The Add, Subtract, Multiply, Divide classes do not contain any attribute. The code in the evaluation functions demonstrate how to process input links and deposit resulting values to output links. To learn how to access class attributes, you can start with the evaluation function in class Constant or class Variable because they have only one attribute, Value (fValue). Once it is understood, you can look into the evaluation function of class SineGen for a more elaborated coding example.

Consult Chapter 4 Developing In-Process Simulators in the SansGUI Developer's Guide, Chapter 2 SansGUI Data Object Format and Chapter 3 SansGUI Application Programming Interface in the SansGUI Reference Manual for more coding details. It is also a good idea to go through the code in other examples in the Getting Started guide and from ProtoDesign's web site.

Writing On-Line Documentation

The on-line documentation you are looking at right now was created by a 3rd party HTML authoring tool. It does not have to be all in HTML. You can include other types of files as long as you enter them correctly in the Document Location field in the Class Properties dialog (as shown above). SansGUI will invoke the associated application according to the extension settings in the user's Windows registry.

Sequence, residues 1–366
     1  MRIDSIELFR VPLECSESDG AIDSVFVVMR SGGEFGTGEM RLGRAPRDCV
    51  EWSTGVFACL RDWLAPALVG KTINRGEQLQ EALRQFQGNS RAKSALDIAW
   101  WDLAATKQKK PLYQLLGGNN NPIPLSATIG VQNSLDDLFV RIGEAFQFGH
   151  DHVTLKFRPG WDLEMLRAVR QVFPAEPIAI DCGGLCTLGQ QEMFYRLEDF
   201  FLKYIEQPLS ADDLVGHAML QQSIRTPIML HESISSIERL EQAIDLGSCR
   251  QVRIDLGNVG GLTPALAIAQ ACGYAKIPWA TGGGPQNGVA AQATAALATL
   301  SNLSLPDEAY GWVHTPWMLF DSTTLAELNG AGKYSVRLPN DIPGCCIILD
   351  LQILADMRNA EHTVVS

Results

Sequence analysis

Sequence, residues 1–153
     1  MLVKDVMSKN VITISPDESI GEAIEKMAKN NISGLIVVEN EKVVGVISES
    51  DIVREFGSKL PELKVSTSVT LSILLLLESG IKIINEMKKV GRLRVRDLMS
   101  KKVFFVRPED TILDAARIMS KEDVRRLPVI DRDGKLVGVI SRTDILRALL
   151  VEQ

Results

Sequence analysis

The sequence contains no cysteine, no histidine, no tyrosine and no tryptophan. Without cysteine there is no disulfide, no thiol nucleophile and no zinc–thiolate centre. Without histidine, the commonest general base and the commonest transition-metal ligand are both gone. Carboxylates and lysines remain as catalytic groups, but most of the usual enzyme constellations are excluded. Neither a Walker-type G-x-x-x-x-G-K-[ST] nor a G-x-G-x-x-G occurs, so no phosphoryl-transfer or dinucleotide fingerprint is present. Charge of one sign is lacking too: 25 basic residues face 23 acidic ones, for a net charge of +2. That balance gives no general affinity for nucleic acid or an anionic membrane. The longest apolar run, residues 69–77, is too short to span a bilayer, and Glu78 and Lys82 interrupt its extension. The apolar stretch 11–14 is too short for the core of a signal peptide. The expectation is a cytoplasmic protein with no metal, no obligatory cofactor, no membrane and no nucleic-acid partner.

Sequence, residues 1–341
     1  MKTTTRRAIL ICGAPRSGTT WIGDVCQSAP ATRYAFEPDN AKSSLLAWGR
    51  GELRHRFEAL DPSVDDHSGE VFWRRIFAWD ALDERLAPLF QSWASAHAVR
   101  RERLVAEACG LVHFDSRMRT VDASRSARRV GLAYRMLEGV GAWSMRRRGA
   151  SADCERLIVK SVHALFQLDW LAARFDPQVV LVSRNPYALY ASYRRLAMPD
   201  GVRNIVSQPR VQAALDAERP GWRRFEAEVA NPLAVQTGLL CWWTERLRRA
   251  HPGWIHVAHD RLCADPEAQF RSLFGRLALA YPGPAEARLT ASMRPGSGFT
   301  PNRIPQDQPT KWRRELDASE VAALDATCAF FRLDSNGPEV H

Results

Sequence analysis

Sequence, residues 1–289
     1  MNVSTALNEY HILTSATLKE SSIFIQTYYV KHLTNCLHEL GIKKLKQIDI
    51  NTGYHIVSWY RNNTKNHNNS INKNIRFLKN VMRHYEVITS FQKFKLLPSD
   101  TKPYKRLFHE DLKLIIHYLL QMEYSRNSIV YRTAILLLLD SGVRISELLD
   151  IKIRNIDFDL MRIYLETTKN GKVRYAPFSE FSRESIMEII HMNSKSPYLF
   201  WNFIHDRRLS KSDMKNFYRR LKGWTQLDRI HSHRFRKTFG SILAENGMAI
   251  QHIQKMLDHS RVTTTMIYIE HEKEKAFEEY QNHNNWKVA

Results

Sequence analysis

Details of Preparing On-Line Documentation can be found in Chapter 3 Generating and Maintaining Object Libraries in the SansGUI Developer's Guide.

Packaging and Distributing

The distribution files in Visual Calculator for SansGUI are described in the Welcome page. We created a directory structure for all these files and used a zip utility program to create and convert the zipped archive file into a self-extracting executable program. When the program is run, all the files are extracted and put in the corresponding locations, preserving the directory structure.

Please consult Chapter 7 Deploying Simulators in the SansGUI Developer's Guide for more details.


Welcome to Visual Calculator Example 4: Damped Sine Wave Generator Add

Visual Calculator for SansGUI Version 1.1

Copyright 2001-2003 ProtoDesign, Inc. All rights reserved.